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    Here is a benefit of working with CAD that I have come to enjoy. The wood frame is an arc and the three ladder rollers must each align on a straight line. The result of working on the drawing was the elimination of a great deal of trial and error fitting. This fit the first time.



    Here is the close up of the locking pins for the rope reel. Only so much rope was let out for the number of men pulling and then the pins were inserted so there was no excess rope. The pin would stop against the support frame.
    I wonder what the calorie burn was running up a hill pulling this?


    Still waiting for the laser cut parts for the ladder frame with all the holes for the rungs; so I started on the metal parts for the ladder. Here is the top rope pulley for the main ladder. The wing nut is threaded 0-80 1890 Ladder Wagon threads.



    Here is a breakdown of the pulley assembly the wood part is the top rung of the ladder. The threads are 0-80 1890 Ladder Wagon and should be duplicated in the white metal casting 1890 Ladder Wagon .



    Now back to other metal ladder parts.


    1890 Ladder Wagon
    "In wine there is wisdom. In beer there is strength. In water there is bacteria."
    Ken

    QUOTE QUOTE #13

  13. Tage's Avatar Yearly Subscriber
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    Daniel
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    I'm enjoying this Ken.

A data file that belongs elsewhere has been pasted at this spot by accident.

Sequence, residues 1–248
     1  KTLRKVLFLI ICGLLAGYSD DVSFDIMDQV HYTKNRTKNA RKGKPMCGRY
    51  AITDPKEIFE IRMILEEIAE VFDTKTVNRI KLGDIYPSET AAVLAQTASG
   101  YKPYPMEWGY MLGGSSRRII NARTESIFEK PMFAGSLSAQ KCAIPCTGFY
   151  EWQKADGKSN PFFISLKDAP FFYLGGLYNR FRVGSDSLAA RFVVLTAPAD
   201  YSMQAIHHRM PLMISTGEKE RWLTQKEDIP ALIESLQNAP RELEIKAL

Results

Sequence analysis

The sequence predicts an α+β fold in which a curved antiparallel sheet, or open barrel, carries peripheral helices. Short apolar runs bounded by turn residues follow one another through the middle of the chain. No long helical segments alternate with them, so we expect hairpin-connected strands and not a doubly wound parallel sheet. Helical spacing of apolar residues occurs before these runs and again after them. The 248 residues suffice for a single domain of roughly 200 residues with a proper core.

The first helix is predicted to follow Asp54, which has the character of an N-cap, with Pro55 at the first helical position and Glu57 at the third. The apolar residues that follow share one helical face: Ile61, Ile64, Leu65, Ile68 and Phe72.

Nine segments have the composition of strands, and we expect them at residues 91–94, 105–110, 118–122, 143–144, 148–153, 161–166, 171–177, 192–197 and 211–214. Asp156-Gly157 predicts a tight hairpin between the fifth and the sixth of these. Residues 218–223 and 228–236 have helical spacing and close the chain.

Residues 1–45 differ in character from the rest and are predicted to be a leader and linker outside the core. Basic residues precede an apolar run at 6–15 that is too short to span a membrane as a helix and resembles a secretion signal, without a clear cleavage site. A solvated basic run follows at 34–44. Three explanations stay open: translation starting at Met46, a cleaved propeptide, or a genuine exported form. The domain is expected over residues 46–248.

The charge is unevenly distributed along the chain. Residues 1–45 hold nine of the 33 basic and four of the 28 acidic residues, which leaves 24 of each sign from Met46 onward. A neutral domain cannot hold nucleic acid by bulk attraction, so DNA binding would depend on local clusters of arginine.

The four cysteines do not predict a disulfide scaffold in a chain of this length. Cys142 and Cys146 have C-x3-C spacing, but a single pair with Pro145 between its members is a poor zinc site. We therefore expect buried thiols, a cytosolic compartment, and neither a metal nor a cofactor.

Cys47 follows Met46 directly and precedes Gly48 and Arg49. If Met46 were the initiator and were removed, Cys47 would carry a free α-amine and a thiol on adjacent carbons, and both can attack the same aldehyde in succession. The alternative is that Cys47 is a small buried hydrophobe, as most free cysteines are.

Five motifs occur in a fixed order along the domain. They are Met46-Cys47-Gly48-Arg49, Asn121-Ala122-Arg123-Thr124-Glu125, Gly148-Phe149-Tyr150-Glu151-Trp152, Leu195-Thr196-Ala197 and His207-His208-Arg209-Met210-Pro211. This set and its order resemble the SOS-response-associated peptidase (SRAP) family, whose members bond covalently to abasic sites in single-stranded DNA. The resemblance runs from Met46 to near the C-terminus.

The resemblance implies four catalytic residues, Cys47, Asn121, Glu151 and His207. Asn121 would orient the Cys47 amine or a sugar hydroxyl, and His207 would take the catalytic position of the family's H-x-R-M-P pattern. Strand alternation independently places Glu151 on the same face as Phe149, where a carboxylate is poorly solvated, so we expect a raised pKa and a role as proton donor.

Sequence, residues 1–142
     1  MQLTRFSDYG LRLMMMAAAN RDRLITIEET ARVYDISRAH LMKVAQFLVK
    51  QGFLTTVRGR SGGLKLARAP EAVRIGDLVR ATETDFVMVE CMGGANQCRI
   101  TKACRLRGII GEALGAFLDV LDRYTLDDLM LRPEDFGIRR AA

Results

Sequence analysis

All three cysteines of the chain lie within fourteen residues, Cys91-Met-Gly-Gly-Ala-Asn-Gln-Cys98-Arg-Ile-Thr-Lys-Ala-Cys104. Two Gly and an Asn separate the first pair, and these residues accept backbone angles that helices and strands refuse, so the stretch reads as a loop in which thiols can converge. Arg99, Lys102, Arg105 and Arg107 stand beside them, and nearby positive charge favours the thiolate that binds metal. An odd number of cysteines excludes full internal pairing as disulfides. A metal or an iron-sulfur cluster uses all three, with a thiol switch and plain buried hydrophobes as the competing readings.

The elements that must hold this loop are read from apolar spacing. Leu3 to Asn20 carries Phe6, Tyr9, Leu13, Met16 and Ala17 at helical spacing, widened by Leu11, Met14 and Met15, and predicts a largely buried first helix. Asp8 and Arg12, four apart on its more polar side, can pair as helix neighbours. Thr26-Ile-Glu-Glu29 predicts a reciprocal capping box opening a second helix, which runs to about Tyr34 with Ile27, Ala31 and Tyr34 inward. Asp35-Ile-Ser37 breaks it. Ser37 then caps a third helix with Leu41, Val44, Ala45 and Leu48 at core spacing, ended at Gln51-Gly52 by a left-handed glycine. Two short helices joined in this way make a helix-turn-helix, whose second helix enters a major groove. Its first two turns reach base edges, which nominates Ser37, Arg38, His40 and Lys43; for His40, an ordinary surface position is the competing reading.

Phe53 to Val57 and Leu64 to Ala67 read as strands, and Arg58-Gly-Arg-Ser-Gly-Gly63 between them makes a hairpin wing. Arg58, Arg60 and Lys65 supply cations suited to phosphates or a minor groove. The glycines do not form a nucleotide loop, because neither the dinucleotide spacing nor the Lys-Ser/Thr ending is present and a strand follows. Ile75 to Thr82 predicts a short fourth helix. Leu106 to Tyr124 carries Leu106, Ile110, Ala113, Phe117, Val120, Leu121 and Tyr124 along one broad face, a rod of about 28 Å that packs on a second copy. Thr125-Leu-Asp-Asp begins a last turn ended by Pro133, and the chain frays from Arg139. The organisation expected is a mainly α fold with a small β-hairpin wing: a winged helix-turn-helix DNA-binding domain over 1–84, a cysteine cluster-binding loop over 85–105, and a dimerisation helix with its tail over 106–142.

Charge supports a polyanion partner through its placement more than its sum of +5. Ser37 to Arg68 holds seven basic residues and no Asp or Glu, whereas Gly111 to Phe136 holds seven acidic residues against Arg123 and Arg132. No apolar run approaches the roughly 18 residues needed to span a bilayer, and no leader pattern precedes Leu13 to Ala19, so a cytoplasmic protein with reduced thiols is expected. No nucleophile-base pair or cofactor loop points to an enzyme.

Duke of Burl
    QUOTE QUOTE #14

  14. xken's Avatar VIP/Sponsor
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    Kenneth
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    Tage, glad to hear you are enjoying; perhaps you will buy the kit when available. Dominique following is a sequence to give you an idea of making multiple parts.

    Here are two ladder stops. I turned two round pieces and also formed two stops and soldered them to match each other. Now the trick was to solder them together so that the angles matched each other. I placed both on double sided carpet tape that was applied to a piece of scrap plywood.

    Here they are soldered together. Note that I flooded the joint with excess solder once they were joined so I would have enough solder to form radii. First solder the two joints with a very hot 1890 Ladder Wagon iron while holding the round piece with a scribe so as not to move. You have to be quick because the carpet tape adhesive breaks down with heat. Move back and forth between the two assemblies until completed.


    This shows them with all the excess solder filed off to form the radii. The solder withstands the 380 degrees for the vulcanized molds. The round holes the rod is through are then filed to square holes using a square needle file again with patience to make sure they maintain their alignment with each other.



    Here you can see the square holes as well as the rope arm to rotate the assembly when mounted in the ladder frame. Also my 4 jaw chuck arrived and I turned the ends of the square rod that will index into the ladder frame. I used a U.S. penny for scale reference.


    Here are the parts so far ready to add to the wood frame. Here the square nut and wing nut are threaded 0-80 1890 Ladder Wagon .


    Now onto more ladder parts.


    1890 Ladder Wagon
    "In wine there is wisdom. In beer there is strength. In water there is bacteria."
    Ken

    QUOTE QUOTE #15